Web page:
At the back of the midi tower, APNX relies on the proven standard. Thus, a well-known layout with a power supply unit in the bottom is used. Above the power supply, seven reusable slot covers as well as the fourth pre-installed case fan can be seen. The space between the fan and the lid should also allow the installation of thicker radiators in the lid. Furthermore, APNX equips the back with three eyelets for cable ties.

Three feet made of solid plastic allow the C1 to stand firmly and without slipping on any surface. The rear feet, unlike the large stand in the front, are separated from each other. Between them, APNX positions the fine dust filter for the power supply, which can easily be removed towards the back. Without the dust filter, you get a clear view of the perforated underside of the midi tower.

Interior Impression

APNX does not reinvent the wheel and relies on a two-chamber system for the interior. This consists of a large main chamber with room for an ATX motherboard, the graphics card, various fans and the CPU’s cooling solution. The mainboard tray is flat and has numerous openings for routing cables, which have also been placed so that a mainboard with rear connectors can be installed. From the factory, the right area of the motherboard tray is dominated by a plain cable management cover, but it can also be removed completely if necessary. A nice feature is also the height-adjustable GPU mount, which is part of the cable management cover.

Typical for a midi tower of this size, the manufacturer omits drive bays behind the three pre-installed front fans in favor of better cooling. The heated air should then actively find its way out via the fourth fan in the rear as well as passively via the openings in the lid. If you also remove the aforementioned cable management cover, you can see a mounting frame for up to three 120 mm fans or a corresponding radiator behind it. No radiator can be attached to the front.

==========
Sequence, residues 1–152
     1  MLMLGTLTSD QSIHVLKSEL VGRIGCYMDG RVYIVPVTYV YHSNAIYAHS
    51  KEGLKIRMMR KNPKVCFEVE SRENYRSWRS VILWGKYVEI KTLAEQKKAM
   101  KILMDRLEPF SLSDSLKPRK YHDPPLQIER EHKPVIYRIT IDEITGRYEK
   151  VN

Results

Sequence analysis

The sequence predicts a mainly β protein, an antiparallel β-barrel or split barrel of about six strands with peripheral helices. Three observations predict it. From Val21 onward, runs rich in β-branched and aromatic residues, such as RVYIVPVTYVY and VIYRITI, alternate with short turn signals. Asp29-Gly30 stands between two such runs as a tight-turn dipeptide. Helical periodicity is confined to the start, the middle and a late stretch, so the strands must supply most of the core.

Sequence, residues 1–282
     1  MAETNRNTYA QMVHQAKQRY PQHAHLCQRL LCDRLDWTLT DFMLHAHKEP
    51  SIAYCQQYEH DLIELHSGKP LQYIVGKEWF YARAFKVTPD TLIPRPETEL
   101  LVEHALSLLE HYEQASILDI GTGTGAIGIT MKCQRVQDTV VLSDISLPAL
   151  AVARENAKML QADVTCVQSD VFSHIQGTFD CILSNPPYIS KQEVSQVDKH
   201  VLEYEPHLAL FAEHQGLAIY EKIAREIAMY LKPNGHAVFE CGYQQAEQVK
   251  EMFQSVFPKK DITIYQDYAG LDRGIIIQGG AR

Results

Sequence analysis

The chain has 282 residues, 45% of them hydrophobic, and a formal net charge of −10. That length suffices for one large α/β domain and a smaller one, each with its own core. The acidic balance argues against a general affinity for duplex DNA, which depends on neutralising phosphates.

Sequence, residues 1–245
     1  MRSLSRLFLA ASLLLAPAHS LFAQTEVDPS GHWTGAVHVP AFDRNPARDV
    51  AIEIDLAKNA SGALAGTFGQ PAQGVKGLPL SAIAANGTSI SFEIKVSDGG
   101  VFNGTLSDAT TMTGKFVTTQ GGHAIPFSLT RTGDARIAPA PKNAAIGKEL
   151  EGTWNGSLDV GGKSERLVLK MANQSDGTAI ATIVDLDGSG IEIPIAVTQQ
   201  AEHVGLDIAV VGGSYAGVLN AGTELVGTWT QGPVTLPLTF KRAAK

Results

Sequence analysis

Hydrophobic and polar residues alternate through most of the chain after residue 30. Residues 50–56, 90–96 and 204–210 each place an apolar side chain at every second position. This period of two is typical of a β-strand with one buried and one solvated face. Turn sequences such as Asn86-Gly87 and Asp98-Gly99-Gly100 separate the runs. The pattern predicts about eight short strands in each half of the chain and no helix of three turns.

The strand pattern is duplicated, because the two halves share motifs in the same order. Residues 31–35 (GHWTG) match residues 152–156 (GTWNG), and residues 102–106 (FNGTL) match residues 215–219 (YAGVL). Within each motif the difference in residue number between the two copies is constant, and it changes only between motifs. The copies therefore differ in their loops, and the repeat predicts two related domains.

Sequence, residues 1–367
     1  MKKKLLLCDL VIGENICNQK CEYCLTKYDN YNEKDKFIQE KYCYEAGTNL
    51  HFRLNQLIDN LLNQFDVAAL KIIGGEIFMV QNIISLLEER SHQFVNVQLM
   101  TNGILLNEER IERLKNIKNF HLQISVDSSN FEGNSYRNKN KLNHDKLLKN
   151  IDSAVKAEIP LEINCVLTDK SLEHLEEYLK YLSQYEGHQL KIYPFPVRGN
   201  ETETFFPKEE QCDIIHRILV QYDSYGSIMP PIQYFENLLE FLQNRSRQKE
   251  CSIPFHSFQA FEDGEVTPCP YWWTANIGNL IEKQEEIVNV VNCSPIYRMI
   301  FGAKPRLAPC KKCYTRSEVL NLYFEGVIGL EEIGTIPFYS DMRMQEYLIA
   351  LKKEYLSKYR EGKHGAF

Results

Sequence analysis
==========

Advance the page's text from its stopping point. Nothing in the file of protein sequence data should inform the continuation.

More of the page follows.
The division into two chambers is done via a PSU cover that spans the entire bottom area. However, the cover consists of two elements, both made of steel and perforated at the top. To increase compatibility with a radiator on the side, the front area of the cover can also be removed. At the rear transition between the PSU cover and the motherboard tray, APNX also positions another elongated opening as well as two small cutouts to pass cables through.

Below the power supply cover, the mounting place for the power supply can be seen. It rests on two elongated plates, which have to do without additional rubber strips to minimize vibrations. There is no HDD cage underneath the PSU cover. In return, there is a lot of space for cables at the back with up to 40 millimeters, numerous eyelets for cable ties as well as a 5-port PWM ARGB control board in the upper area.